Start from the beginning of the interview
While the third season of TT was
being made, Animaniacs was in pre-production.
This page by Keeper has a LOT of preproduction info on Animaniacs. How much did you know already, and what can you clear up?
I find all of Keeper's
webpage interesting and informative. We weren't privy to any of
that information when we started the show - which is just as
well. All that stuff has to be ironed out before you begin
production. Being in Chicago was good and bad ... you were
somewhat immune from the politics, but you also weren't in the
creative flow. You had to just work with what you were given.
When I read this statement, I questioned it:
"Ruegger has said that he looked out of his office window in Sherman Oaks (Warner Bros. Animation was on the 11th floor of a large building at the time), saw the WB water tower in Burbank off in the distance, and had an epiphany: Call them Warner Brothers, and have them live inside that tower!"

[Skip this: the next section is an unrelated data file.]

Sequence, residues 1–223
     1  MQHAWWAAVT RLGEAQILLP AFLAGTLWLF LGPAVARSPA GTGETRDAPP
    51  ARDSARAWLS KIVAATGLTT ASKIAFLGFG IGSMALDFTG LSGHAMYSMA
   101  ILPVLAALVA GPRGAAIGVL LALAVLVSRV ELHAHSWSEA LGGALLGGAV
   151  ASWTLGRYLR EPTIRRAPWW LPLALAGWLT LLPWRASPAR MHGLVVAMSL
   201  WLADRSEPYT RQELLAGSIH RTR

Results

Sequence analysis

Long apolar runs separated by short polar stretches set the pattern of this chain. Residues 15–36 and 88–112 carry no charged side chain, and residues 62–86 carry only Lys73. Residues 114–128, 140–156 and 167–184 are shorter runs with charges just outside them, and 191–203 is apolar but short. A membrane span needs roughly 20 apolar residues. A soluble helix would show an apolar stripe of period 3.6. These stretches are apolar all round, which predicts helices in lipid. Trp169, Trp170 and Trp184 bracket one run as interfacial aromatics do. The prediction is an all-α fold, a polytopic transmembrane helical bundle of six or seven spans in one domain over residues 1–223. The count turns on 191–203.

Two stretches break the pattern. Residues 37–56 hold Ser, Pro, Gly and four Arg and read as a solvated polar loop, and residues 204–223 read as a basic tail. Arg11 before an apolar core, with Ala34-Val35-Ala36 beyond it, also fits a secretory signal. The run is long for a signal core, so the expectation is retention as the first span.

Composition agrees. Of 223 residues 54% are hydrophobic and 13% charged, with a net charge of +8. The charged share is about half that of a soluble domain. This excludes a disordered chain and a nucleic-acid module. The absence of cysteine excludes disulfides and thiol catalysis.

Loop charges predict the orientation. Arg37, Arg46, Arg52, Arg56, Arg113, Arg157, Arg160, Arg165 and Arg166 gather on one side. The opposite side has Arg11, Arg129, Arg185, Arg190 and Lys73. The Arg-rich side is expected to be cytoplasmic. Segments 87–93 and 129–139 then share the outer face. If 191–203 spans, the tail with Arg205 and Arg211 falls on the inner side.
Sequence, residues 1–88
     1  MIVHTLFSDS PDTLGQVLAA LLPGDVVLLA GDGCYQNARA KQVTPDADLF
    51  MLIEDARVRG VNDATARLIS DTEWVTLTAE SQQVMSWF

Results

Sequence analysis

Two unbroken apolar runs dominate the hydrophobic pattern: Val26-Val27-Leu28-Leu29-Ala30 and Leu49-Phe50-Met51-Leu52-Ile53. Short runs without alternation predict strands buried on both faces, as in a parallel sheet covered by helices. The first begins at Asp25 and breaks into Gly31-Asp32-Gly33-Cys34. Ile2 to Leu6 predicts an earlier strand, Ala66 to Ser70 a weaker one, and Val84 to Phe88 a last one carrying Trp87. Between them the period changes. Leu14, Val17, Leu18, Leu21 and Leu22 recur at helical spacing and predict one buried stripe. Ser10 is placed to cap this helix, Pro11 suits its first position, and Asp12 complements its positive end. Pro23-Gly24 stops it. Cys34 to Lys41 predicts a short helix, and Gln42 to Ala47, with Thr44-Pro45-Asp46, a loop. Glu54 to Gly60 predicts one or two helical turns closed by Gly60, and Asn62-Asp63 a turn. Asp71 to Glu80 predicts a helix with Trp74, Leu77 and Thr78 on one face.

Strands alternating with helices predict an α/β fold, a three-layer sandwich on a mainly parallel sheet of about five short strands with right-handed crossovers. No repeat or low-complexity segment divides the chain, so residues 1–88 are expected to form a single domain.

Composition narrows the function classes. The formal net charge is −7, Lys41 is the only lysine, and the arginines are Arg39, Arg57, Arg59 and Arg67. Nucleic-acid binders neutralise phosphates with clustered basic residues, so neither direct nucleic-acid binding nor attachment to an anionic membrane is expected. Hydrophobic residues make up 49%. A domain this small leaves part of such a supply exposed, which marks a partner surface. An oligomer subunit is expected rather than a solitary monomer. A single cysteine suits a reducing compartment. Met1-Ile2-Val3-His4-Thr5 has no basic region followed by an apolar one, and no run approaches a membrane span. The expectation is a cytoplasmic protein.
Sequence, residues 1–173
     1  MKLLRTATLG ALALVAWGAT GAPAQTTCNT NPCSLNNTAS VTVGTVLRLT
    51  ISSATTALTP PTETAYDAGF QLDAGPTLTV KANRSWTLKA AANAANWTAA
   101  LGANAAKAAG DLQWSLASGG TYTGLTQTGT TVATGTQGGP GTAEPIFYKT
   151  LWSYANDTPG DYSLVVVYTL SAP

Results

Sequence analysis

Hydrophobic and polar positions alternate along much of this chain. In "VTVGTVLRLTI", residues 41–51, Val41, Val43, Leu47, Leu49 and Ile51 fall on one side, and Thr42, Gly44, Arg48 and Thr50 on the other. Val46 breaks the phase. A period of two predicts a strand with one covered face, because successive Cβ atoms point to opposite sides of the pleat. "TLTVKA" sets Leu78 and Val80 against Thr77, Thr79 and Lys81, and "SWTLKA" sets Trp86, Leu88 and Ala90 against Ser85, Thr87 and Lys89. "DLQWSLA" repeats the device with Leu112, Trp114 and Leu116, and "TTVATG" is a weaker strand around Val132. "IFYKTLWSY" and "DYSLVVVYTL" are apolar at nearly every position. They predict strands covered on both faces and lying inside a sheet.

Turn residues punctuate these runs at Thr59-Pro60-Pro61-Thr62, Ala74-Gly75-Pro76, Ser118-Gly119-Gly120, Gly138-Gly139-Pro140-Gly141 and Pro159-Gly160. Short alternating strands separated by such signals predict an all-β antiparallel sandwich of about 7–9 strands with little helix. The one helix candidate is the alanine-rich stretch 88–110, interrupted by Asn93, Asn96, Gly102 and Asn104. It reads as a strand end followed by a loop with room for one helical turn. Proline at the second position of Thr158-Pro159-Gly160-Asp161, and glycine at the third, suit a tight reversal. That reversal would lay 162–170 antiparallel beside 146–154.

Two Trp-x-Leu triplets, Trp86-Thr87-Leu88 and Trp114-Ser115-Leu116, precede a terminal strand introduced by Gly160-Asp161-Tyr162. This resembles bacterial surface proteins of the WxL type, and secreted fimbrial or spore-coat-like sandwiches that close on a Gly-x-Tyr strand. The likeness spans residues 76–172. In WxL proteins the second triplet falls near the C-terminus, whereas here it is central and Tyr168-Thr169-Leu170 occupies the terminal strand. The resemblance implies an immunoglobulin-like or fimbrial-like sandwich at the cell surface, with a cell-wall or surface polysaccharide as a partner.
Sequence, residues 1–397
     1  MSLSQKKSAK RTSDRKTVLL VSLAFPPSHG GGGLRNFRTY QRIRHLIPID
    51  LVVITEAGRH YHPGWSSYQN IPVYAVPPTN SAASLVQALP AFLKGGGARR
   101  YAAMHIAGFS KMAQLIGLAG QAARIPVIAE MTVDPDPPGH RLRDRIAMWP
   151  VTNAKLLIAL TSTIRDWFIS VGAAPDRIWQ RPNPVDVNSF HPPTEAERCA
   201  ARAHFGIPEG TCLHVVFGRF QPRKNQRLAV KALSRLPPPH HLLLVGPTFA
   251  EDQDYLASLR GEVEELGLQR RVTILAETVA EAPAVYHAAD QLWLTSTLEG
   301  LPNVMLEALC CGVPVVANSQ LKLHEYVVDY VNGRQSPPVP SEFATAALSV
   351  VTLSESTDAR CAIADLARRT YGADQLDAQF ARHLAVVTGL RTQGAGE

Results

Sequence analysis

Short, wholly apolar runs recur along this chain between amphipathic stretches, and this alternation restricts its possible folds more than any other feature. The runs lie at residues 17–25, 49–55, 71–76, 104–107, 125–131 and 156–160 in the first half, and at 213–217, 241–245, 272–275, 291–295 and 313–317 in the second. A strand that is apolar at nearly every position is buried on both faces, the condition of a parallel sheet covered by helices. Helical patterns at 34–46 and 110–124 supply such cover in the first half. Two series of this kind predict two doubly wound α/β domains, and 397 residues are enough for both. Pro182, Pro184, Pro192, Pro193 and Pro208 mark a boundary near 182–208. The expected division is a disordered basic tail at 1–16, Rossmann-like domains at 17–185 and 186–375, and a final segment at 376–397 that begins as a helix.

No doubt Ruegger had many an executive lunch at "The Lot" and of course you could see the WB water tower from pretty far away, but if I recall correctly, his office (yes, the 11th floor of an office complex at the old Galleria, in Sherman Oaks) faced north and east, whereas the WB Lot was quite some distance to the south and east (in Burbank).
But it makes a nice story ... that's the main thing.
It was interesting seeing the original sketches which came through in the model sheets we got, the difference being that Yakko lost the bow-tie and gained a pair of pants, and Dot had to go topless (for ratings, I suspect); and they all got button-eyes instead of the ones shown, and they all had black & white bodies (except of course for their noses).
"The Big Candy Store" was the first Animaniacs cartoon your studio animated. At what time of the year did production begin? One thing I have always wondered is how far in advance studios work when they make one of those gigantic 65-episode seasons.
Yes, "Big Candy
Store" was our first. I've been trying to reconstruct the
chronology of StarToons' Animaniacs production in my own mind. I